A day in the life of suspected ‘foreigners’ in Assam

‘He said mai, I said baba, we both just cried.’ Tears flow, hope strains, and separated by bars, family members and inmates cling on to gifts pushed through a grille.

On a Monday morning at the Kokrajhar District Jail, paper and patience are both in paucity. “We don’t provide paper,” snaps the jailor across a grille. The crowd gathered on the other side — young mothers and toddlers, bent old men, newly married women — look on helplessly. A thin lone figure extricates himself from the din, and walks away. Rahman has travelled 300-odd km already, and 3 more to buy paper doesn’t make much of a difference. He has taken a bus, a train, and another bus to get here. He has carried three heavy bags filled with an assortment of things: bananas, apples, salt, tamul-paan, soap, oil, the Assamese traditional gamusa, and even a sari. But he hasn’t carried paper. He didn’t know he had to.

Over the three-and-a-half years he has been visiting the Kokrajhar jail, the rules keep changing. “Earlier we just needed to sign or put our thumb impression,” Rahman says, holding a sheaf of paper he just bought from the market. “Now they want us to write an application stating why we have come here. Why have I come? Is it not obvious?”

Standing a few feet away from the crowd around the jailor, he takes out a pen to write his application, but he doesn’t know where to start. Rahman is literate, but inside the small enclosure, the people who surround him are not. Many are silently weeping. Many are just silent. Ali, 28, however, likes to while away time — often it is hours before he gets to see his sister who is inside — by making conversation. “D niki (Is it D)?” he asks Rahman. Rahman nods.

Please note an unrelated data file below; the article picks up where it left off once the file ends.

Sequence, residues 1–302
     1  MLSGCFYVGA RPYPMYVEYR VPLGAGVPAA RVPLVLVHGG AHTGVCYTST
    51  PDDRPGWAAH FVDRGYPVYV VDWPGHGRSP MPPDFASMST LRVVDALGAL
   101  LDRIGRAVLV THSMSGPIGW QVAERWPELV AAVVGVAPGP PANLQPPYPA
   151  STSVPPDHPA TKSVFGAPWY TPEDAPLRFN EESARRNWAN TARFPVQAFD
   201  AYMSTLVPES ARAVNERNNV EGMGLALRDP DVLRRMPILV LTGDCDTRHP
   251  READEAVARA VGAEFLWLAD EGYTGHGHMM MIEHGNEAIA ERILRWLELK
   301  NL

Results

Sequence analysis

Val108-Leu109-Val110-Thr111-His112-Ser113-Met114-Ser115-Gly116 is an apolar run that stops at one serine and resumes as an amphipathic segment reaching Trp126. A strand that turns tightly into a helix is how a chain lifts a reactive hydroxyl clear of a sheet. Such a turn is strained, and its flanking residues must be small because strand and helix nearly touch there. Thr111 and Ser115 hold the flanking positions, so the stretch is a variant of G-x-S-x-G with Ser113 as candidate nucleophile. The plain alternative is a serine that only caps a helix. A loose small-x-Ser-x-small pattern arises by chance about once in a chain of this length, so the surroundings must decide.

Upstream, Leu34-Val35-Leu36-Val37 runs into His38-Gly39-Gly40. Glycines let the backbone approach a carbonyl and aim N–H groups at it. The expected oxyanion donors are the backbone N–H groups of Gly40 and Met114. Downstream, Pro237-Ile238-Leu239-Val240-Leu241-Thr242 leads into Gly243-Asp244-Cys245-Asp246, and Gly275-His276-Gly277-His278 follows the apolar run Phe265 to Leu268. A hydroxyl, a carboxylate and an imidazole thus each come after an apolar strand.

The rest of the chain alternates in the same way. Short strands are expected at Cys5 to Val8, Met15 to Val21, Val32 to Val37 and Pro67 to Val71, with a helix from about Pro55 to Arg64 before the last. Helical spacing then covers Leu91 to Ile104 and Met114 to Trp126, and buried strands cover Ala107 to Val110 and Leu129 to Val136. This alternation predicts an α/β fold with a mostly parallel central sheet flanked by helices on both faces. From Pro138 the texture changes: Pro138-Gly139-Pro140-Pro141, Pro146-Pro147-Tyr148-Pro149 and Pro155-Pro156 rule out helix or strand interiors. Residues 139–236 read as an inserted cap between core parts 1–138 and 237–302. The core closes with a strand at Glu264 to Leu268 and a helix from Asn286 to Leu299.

‘D’ is perhaps the only letter of the English alphabet the small group recognises. In Assam, ‘D’ means you’re a dubious/doubtful voter — at the risk of losing your citizenship. It also means that unless you prove otherwise, you can be put into any of the detention centres, housed in six district jails, across the state. Like Ali’s sister was, two months ago. And Rahman’s mother-in-law, three years ago.

The detention centre in Kokrajhar jail came up in 2012, along with the one in Silchar. The others are in Goalpara, Tezpur, Dibrugarh and Jorhat. In these are lodged men, women and children, allegedly “foreigners” who crossed over from Bangladesh into India after 1971, sharing space with those accused in or convicted of all kinds of crime, including murder.

The condition inside these detention centres has been described as “a gross violation of human rights” by the few civil society members allowed inside. In January 2018, the National Human Rights Commission (NHRC) sought an “independent report”, as part of which a team visited two of these jails. Activist Harsh Mander, who led the team, later resigned from the office of special monitor saying the NHRC had blocked all queries on the lack of action on their 39-page report, which talked of “a situation of grave and extensive human distress and suffering” in the centres.

This article was originally published in The Indian Express in August 2018. Full article here.